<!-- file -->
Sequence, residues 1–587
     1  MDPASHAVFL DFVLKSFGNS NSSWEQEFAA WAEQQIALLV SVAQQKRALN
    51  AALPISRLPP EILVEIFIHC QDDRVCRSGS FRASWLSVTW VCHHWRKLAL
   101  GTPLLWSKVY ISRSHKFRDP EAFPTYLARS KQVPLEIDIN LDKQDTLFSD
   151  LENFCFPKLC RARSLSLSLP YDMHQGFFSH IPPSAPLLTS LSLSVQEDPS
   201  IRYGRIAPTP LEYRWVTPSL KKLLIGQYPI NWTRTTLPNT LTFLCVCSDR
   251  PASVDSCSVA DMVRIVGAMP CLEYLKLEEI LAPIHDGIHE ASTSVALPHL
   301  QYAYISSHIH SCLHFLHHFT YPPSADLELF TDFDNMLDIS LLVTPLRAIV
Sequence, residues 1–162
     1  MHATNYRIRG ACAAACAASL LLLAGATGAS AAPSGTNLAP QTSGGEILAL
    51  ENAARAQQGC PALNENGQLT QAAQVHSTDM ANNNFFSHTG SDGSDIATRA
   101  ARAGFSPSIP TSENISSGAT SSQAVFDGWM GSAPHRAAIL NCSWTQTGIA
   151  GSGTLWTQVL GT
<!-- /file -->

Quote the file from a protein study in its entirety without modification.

Sequence, residues 1–587
     1  MDPASHAVFL DFVLKSFGNS NSSWEQEFAA WAEQQIALLV SVAQQKRALN
    51  AALPISRLPP EILVEIFIHC QDDRVCRSGS FRASWLSVTW VCHHWRKLAL
   101  GTPLLWSKVY ISRSHKFRDP EAFPTYLARS KQVPLEIDIN LDKQDTLFSD
   151  LENFCFPKLC RARSLSLSLP YDMHQGFFSH IPPSAPLLTS LSLSVQEDPS
   201  IRYGRIAPTP LEYRWVTPSL KKLLIGQYPI NWTRTTLPNT LTFLCVCSDR
   251  PASVDSCSVA DMVRIVGAMP CLEYLKLEEI LAPIHDGIHE ASTSVALPHL
   301  QYAYISSHIH SCLHFLHHFT YPPSADLELF TDFDNMLDIS LLVTPLRAIV
Sequence, residues 1–162
     1  MHATNYRIRG ACAAACAASL LLLAGATGAS AAPSGTNLAP QTSGGEILAL
    51  ENAARAQQGC PALNENGQLT QAAQVHSTDM ANNNFFSHTG SDGSDIATRA
   101  ARAGFSPSIP TSENISSGAT SSQAVFDGWM GSAPHRAAIL NCSWTQTGIA
   151  GSGTLWTQVL GT